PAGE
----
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Bioactive Compounds and Bioactivities of Ginger (Zingiber officinale Roscoe)

Guangdong Provincial Key Laboratory of Food, Nutrition and Health, Department of Nutrition, School of Public Health, Sun Yat-sen University, Guangzhou 510080, China
Department of Food Science & Technology, School of Agriculture and Biology, Shanghai Jiao Tong University, Shanghai 200240, China
Department of Food & Human Nutritional Sciences, University of Manitoba, Winnipeg, MB R3T 2N2, Canada
Richardson Centre for Functional Foods and Nutraceuticals, University of Manitoba, Winnipeg, MB R3T 2N2, Canada
Authors to whom correspondence should be addressed.
Foods 2019, 8(6), 185;
Submission received: 12 May 2019 / Revised: 26 May 2019 / Accepted: 28 May 2019 / Published: 30 May 2019
(This article belongs to the Special Issue The Health Benefits of the Bioactive Compounds in Foods)


Ginger (Zingiber officinale Roscoe) is a common and widely used spice. It is rich in various chemical constituents, including phenolic compounds, terpenes, polysaccharides, lipids, organic acids, and raw fibers. The health benefits of ginger are mainly attributed to its phenolic compounds, such as gingerols and shogaols. Accumulated investigations have demonstrated that ginger possesses multiple biological activities, including antioxidant, anti-inflammatory, antimicrobial, anticancer, neuroprotective, cardiovascular protective, respiratory protective, antiobesity, antidiabetic, antinausea, and antiemetic activities. In this review, we summarize current knowledge about the bioactive compounds and bioactivities of ginger, and the mechanisms of action are also discussed. We hope that this updated review paper will attract more attention to ginger and its further applications, including its potential to be developed into functional foods or nutraceuticals for the prevention and management of chronic diseases.

1. Introduction

Ginger (Zingiber officinale Roscoe), which belongs to the Zingiberaceae family and the Zingiber genus, has been commonly consumed as a spice and an herbal medicine for a long time [1]. Ginger root is used to attenuate and treat several common diseases, such as headaches, colds, nausea, and emesis. Many bioactive compounds in ginger have been identified, such as phenolic and terpene compounds. The phenolic compounds are mainly gingerols, shogaols, and paradols, which account for the various bioactivities of ginger [2]. In recent years, ginger has been found to possess biological activities, such as antioxidant [3], anti-inflammatory [4], antimicrobial [5], and anticancer [6] activities. In addition, accumulating studies have demonstrated that ginger possesses the potential to prevent and manage several diseases, such as neurodegenerative diseases [7], cardiovascular diseases [8], obesity [9], diabetes mellitus [10], chemotherapy-induced nausea and emesis [11], and respiratory disorders [12]. In this review, we focus on the bioactive compounds and bioactivities of ginger, and we pay special attention to its mechanisms of action.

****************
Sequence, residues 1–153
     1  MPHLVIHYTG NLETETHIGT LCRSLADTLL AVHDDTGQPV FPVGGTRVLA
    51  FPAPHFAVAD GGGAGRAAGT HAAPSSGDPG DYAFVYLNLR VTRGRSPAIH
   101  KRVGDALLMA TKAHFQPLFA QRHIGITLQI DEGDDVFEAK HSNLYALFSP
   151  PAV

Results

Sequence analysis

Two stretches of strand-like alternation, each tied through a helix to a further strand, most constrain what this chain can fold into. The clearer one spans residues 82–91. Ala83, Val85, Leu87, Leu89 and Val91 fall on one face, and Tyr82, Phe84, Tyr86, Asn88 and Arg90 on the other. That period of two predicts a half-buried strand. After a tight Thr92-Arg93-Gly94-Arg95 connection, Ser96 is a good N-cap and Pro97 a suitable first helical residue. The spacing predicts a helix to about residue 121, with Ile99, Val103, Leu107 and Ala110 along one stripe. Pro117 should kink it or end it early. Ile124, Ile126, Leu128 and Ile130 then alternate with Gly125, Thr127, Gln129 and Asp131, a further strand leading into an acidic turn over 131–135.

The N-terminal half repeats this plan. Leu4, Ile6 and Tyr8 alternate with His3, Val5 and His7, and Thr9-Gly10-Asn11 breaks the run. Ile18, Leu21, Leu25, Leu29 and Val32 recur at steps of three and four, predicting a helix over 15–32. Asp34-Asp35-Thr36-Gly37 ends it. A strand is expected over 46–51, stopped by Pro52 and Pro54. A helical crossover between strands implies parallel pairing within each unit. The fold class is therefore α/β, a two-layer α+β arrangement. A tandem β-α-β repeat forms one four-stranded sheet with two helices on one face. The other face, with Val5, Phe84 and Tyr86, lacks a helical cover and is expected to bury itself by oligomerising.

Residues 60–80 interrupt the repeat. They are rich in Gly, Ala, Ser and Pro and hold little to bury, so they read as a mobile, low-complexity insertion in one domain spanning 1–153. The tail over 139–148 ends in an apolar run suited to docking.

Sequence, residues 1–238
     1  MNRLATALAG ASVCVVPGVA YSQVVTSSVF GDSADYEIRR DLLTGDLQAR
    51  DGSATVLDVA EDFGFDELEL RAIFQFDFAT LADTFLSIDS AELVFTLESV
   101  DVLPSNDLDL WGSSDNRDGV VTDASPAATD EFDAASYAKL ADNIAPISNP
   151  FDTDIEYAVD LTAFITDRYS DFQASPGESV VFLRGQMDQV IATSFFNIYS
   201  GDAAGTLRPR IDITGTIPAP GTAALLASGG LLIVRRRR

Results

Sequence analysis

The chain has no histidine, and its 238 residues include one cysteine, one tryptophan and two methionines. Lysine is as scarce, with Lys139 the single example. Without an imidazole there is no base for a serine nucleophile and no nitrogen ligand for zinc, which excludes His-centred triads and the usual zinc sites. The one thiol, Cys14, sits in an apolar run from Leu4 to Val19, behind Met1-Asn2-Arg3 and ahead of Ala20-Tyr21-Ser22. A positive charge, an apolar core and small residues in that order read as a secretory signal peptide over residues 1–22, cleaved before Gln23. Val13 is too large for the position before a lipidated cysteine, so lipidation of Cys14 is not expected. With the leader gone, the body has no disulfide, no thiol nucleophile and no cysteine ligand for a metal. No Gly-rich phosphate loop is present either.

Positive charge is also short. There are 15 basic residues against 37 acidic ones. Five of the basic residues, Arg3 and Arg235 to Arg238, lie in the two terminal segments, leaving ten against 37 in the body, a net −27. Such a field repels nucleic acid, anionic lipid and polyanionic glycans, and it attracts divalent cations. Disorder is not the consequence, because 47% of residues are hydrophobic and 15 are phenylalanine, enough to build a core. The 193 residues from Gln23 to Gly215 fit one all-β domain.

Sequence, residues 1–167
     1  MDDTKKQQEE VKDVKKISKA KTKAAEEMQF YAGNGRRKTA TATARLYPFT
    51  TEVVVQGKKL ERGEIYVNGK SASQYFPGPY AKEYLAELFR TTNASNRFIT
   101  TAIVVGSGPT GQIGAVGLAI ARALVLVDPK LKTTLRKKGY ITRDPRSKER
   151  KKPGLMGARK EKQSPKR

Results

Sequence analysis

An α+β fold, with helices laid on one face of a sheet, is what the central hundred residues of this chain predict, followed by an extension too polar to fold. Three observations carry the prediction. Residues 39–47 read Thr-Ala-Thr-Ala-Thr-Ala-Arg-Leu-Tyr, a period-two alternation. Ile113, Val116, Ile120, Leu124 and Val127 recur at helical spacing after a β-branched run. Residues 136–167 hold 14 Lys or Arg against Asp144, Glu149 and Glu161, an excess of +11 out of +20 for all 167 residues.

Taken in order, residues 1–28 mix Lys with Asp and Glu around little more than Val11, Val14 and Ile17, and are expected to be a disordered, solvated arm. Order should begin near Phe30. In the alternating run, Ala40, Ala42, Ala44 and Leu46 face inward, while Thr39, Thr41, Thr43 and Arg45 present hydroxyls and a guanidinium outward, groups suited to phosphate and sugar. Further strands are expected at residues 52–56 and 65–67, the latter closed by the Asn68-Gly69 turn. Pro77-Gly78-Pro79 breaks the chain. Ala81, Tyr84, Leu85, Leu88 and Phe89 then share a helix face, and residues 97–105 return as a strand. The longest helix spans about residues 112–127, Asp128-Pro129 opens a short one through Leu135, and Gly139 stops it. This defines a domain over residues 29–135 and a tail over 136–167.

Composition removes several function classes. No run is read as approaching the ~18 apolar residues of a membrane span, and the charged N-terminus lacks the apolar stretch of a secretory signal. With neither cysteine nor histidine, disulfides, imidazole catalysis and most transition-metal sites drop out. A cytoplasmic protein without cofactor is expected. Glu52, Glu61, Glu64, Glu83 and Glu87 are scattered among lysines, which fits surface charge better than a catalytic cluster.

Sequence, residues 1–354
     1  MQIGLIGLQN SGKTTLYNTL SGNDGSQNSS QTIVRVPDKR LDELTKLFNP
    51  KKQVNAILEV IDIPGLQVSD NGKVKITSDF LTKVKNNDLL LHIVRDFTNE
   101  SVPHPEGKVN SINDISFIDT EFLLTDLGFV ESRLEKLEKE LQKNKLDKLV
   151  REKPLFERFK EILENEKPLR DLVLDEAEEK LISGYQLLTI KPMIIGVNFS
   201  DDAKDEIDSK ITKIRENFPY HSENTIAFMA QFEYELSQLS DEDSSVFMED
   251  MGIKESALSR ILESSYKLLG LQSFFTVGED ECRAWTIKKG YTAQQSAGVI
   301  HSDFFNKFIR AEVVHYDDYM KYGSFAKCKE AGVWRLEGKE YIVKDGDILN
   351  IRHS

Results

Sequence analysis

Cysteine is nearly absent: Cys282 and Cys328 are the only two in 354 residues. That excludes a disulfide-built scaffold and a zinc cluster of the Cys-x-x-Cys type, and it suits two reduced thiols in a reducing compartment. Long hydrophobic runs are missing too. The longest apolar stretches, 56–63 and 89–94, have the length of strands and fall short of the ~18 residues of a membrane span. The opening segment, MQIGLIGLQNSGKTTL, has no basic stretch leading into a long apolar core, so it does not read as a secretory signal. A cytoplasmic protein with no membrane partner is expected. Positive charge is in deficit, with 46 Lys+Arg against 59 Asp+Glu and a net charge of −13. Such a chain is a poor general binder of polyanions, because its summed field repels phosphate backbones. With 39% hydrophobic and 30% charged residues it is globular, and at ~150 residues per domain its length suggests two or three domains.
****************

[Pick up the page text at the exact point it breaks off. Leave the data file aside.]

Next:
2. Bioactive Components and Bioactivities of Ginger

2.1. Bioactive Components

Ginger is abundant in active constituents, such as phenolic and terpene compounds [13]. The phenolic compounds in ginger are mainly gingerols, shogaols, and paradols. In fresh ginger, gingerols are the major polyphenols, such as 6-gingerol, 8-gingerol, and 10-gingerol. With heat treatment or long-time storage, gingerols can be transformed into corresponding shogaols. After hydrogenation, shogaols can be transformed into paradols [2]. There are also many other phenolic compounds in ginger, such as quercetin, zingerone, gingerenone-A, and 6-dehydrogingerdione [14,15]. Moreover, there are several terpene components in ginger, such as β-bisabolene, α-curcumene, zingiberene, α-farnesene, and β-sesquiphellandrene, which are considered to be the main constituents of ginger essential oils [16]. Besides these, polysaccharides, lipids, organic acids, and raw fibers are also present in ginger [13,16].

2.2. Antioxidant Activity

It has been known that overproduction of free radicals, such as reactive oxygen species (ROS), plays an important part in the development of many chronic diseases [17]. It has been reported that a variety of natural products possess antioxidant potential, such as vegetables, fruits, edible flowers, cereal grains, medicinal plants, and herbal infusions [18,19,20,21,22,23,24]. Several studies have found that ginger also has high antioxidant activity [14,25].